take is supported as a range type for SList. It is not for RedBlackTree because there are usually better ways to get ranges from the container. However, I can see reasons that take could be used. For example, in a RedBlackTree implementing a map, you may want to search for the first element that has a particular value (O(n) complexity find). In that case, you should be able to remove just one element. This should be added as a bugzilla report, and I'll add the ability to do take ranges to the red black tree. RBT is overdue for some improvements anyways (bearophile found quite a few shortfalls with it). But I see your point in that you should really be able to construct *any* type of range and have it work. I wonder if there is a way we could generalize "give me the implementation-specific representation of the first item *reference*" For example, in dcollections, we have the notion of cursors. The remove functions take either a cursor or a range. However, I could possibly extend the range removal function to allow any range type as long as the begin() member gives you the correct cursor type. -Steve
Feb 22 2011
parent Lutger Blijdestijn <lutger.blijdestijn gmail.com> writes:
Steven Schveighoffer wrote:

 On Mon, 21 Feb 2011 21:55:20 -0500, Jonathan M Davis <jmdavisProg gmx.com>
 wrote:
 
 Okay, removing elements from a container sucks right now. You can do
 stuff like
 removeAny (generally pretty useless IMHO) or removeFront just fine, but
 removing
 an arbitrary range from a container just plain sucks.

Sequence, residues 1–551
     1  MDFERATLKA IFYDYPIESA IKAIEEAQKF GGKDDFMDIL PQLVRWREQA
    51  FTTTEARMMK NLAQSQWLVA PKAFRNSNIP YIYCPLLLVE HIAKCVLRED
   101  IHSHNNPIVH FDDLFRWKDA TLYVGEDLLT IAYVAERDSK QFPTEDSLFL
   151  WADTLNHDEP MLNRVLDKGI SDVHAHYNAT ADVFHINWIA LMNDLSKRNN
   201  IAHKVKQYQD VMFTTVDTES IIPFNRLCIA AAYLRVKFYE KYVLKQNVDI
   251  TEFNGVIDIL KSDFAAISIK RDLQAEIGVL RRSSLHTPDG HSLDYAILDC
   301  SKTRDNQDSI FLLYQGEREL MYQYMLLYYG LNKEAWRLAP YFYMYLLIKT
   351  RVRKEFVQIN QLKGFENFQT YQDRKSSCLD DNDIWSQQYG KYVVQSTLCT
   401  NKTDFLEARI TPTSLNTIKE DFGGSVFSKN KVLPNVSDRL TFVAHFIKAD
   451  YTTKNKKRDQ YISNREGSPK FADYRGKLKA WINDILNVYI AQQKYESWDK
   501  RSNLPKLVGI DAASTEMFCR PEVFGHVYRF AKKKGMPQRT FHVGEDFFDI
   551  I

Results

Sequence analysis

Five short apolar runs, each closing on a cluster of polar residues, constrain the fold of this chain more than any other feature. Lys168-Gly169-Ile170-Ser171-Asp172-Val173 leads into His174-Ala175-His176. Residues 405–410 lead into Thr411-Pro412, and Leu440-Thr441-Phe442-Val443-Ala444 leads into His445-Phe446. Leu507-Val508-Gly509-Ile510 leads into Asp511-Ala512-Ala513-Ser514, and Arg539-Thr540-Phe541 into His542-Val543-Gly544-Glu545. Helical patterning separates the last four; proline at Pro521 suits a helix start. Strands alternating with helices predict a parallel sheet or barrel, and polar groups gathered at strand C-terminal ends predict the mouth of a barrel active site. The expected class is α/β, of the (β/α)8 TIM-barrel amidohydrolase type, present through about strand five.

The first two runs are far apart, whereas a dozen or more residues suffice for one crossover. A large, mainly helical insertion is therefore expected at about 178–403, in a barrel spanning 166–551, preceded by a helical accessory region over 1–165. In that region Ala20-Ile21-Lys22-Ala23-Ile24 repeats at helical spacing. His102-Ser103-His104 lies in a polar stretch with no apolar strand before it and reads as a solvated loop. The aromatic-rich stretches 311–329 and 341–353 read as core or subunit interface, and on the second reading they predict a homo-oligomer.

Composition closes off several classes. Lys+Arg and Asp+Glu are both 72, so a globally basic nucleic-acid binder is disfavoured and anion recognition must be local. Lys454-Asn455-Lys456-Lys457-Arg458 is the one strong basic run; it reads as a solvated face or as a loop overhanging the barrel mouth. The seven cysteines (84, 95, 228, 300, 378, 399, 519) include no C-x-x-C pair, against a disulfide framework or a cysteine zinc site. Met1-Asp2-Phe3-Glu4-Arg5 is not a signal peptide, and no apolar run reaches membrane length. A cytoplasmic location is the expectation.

remove takes a range type which is the range type for the container that
 it's
 on. That makes sense. It's obviously not going to be able to a take an
 arbitrary
 range and remove that from itself. How would it know which elements in
 that
 range corresponded to which elements in itself - especially when it
 could be a
 range which skips elements or something similar? So, _that_ part makes
 sense.

 But have you actually tried to get a range of the appropriate type to
 remove
 from a container? It seems like almost ever function in std.range and
 std.algorithm returns a new range type, making them completely useless
 for
 processing a range to be removed from a container.

 I was looking to remove a single element for a RedBlackTree. The best
 function
 that I could think to get the proper range was findSplit. The middle
 portion of
 the return value would be the portion that I was looking for. I'd take
 that and
 pass it to RedBlackTree's remove. Wrong. It uses takeExactly in its
 implementation and the first two portions of the result of findSplit
 aren't the
 right range type.

RedBlackTree supports the equalRange function, which gives you a range of elements equal to the value you give.

oo how I missed that. When you are working on RedBlackTree, would you please consider putting an example in the doc that uses it to this effect?
Feb 22 2011